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Equity and equality aren’t the same

In Australia, we talk a lot about equality, but that’s only one piece of the puzzle when the playing field is uneven. Let's explore further.

Trying to solve inequality assumes we all have the same opportunities and experiences. The reality is that Australia’s First Peoples continued experiences with racism makes this untrue. Only when we begin to address inequity can the playing field be truly levelled (Decuir & Dixson, 2004, p. 29).

Let’s explore further.


Equality relates to ‘sameness’. It promotes fairness and justice by working to provide everyone with the same thing. The problem is, equality can only work if everyone starts from the same place.


Equity relates to fairness. It is about making sure people get access to the same opportunities. Sometimes our differences and our history creates barriers to participation. This means we must first ensure equity before we can enjoy equality.

Image visually represents the difference between equality and equity Interaction Institute for Social Change Artist: Angus Maguire

Inequities and inequalities in health

The health and wellbeing of Australia’s First Peoples continues to be influenced by colonial policies and practices. While advances in medicine have improved the health of Australians over recent decades, the health of Australia’s First Peoples hasn’t improved at the same rate.

The World Health Organisation (2016) defines health inequalities as the ‘difference in health status or in the distribution of health determinants between different population groups’. It recognises that some determinants of health are ‘unnecessary and avoidable, as well as unjust and unfair’, resulting in health inequalities and inequities (WHO, 2016).

This concept of ‘unfairness’ is central to understanding ‘inequity’. When it comes to socially disadvantaged groups, such as Australia’s First Peoples, racism and discrimination hinders access to opportunities to pursue health (Taylor & Guerin, 2014). And that’s not OK.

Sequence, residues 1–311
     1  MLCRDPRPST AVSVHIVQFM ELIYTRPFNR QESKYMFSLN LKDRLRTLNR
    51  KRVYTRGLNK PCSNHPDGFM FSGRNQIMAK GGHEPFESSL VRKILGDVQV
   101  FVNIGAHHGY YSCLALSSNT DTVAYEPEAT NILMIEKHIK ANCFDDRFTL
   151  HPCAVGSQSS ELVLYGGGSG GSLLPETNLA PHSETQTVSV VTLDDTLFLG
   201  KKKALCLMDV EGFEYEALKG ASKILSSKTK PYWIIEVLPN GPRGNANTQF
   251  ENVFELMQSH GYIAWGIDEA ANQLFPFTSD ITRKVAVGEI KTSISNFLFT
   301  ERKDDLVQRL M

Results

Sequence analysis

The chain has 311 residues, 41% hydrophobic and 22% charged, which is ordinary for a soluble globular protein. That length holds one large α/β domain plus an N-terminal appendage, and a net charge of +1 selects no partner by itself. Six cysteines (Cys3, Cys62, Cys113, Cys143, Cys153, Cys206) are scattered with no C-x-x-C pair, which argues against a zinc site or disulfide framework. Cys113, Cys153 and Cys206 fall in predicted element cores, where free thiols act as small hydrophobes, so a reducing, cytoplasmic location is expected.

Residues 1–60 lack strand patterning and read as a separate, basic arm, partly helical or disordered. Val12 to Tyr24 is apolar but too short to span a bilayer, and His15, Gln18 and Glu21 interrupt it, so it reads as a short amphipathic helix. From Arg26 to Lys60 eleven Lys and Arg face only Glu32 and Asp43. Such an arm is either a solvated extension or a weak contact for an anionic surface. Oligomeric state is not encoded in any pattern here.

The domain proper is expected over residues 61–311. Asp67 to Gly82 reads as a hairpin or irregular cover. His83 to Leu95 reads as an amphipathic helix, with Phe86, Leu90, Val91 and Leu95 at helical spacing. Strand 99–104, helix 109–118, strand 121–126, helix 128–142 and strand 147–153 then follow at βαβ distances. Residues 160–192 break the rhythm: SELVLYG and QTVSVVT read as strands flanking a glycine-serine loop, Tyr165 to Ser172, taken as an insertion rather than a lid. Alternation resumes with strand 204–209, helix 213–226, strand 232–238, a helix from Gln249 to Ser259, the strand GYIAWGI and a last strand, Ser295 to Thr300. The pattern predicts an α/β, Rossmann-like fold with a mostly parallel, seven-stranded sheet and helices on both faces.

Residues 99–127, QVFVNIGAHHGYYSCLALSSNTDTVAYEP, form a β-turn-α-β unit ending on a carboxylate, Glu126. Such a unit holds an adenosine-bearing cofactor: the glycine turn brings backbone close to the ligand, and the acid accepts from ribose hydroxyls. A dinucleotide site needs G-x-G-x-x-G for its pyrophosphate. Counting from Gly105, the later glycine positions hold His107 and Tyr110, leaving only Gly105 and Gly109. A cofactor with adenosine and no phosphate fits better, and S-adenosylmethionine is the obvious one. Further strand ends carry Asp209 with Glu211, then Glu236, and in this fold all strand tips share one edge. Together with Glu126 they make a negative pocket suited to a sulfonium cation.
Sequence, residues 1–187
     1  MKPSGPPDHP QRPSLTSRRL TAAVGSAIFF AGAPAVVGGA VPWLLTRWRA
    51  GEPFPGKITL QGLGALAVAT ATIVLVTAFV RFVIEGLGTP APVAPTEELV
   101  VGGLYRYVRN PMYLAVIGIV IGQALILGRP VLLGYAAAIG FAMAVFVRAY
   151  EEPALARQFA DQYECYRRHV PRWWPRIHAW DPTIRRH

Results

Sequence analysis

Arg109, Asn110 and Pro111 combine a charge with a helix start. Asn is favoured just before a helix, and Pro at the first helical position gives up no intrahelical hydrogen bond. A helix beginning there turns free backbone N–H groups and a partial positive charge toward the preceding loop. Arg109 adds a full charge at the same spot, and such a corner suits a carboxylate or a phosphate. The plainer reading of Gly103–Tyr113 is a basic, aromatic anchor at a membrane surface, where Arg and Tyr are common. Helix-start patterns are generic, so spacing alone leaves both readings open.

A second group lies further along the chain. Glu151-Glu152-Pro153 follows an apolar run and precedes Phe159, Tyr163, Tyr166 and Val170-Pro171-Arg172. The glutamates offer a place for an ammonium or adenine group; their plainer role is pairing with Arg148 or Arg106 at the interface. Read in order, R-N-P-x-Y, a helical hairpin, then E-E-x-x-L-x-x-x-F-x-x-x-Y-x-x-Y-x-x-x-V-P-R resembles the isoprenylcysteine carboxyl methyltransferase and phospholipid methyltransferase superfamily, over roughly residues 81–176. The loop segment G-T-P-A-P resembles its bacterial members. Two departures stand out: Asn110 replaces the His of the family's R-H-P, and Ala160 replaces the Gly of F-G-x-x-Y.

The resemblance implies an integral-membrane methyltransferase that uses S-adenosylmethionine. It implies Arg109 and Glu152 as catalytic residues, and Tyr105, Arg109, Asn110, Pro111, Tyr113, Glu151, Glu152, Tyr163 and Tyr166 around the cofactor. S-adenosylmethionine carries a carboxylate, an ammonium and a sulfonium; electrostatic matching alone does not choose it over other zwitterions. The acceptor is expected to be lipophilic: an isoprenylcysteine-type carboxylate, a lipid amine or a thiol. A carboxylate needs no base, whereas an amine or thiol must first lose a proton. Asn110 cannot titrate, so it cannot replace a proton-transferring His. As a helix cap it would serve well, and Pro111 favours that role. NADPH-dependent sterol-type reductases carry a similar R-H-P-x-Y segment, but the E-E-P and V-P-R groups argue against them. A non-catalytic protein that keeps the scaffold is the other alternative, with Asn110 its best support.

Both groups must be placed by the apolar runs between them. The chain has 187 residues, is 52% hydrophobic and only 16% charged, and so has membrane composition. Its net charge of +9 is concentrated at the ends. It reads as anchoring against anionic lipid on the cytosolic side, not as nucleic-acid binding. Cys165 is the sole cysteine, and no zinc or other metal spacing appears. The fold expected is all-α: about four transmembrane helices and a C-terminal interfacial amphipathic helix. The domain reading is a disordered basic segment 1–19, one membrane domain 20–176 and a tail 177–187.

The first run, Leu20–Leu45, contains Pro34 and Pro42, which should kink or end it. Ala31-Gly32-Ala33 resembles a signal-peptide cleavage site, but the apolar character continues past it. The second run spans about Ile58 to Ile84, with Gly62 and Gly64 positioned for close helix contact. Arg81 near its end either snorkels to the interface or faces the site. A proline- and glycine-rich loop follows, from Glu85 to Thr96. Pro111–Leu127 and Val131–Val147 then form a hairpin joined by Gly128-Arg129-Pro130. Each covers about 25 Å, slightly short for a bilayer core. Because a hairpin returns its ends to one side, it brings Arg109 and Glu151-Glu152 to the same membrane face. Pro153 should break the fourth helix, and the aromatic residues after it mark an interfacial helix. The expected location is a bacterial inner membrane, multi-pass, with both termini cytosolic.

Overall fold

Inequity has a long history for First Peoples

The inequalities and inequities we continue to see in the health status of First Peoples is representative of the bigger picture relating to their lack of human rights in Australia. The fight for equality, equity and cultural recognition continues to be overlooked.

For example, did you know that Australia’s First Peoples are not recognised in Australia’s constitution? Did you know that Australia is the only Commonwealth nation that doesn’t have a treaty with its Indigenous people? If you’re not sure what a treaty is, in this context, it’s an agreement between Indigenous peoples and governments.

The Australian Constitution

When the Australian Constitution was being drafted, Aboriginal and Torres Strait Islander peoples were excluded from the discussions concerning the creation of a new nation to be situated on their ancestral lands and territories. The Australian Constitution also expressly discriminated against Aboriginal and Torres Strait Islander peoples. The Australian Constitution did not – and still does not – make adequate provision for Australia’s first peoples…it has failed to protect Aboriginal and Torres Strait Islander rights as the first peoples of this country (Australian Human Rights Commission, ND).

It’s a human rights issue

Watch the UN Declaration on the rights of Indigenous peoples. It’s an informative video highlighting the significant steps forward in recognising Australia’s First Peoples’ rights, but also the setbacks in the past three decades. First Peoples have the right to culture and identity.

This is an additional video, hosted on YouTube.

One of the best ways Aboriginal and Torres Strait Islander people can help bring about positive change is by using the language of rights when talking about the issues in their communities. Using the Declaration reminds all levels of government of what these rights are.

Since 2016, the Victorian Government has been working with Aboriginal Victorians towards Australia’s first treaty. The Uluru Statement from the Heart is the most current issue in Indigenous affairs, calling for the establishment of a First Nations Voice in the Australian Constitution and a Makarrata Commission.

Listen to the audio link to hear Professor Gregory Phillips talk about the Constitution of Australia and his thoughts on the recent proposal of a treaty for Australia’s First Peoples.

Listen to Professor Gregory Phillips

Your task

Did you already know that First Peoples continue to remain unrecognised in the constitution? How comfortable are you with this, from a human rights perspective? Share your thoughts and comments with the group.


Australian Human Rights Commission (ND). Constitutional Reform: Fact Sheet – Recognising Aboriginal and Torres Strait Islander People in the constitution.

Decuir, J.T. & Dixson, A.D. (2004). So when it comes out, they aren’t that surprised that it is there: Using critical race theory as a tool of analysis of race and racism in education. Educational Researcher, 33(5), 26-31.

Taylor, K. & Guerin, P. (2014). Health Care and Indigenous Australians. South Yarra, Australia: Macmillan Education Australia

World Health Organisation (WHO). (2016). Health Inequality and Inequity.

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Safer Healthcare for Australia's First Peoples

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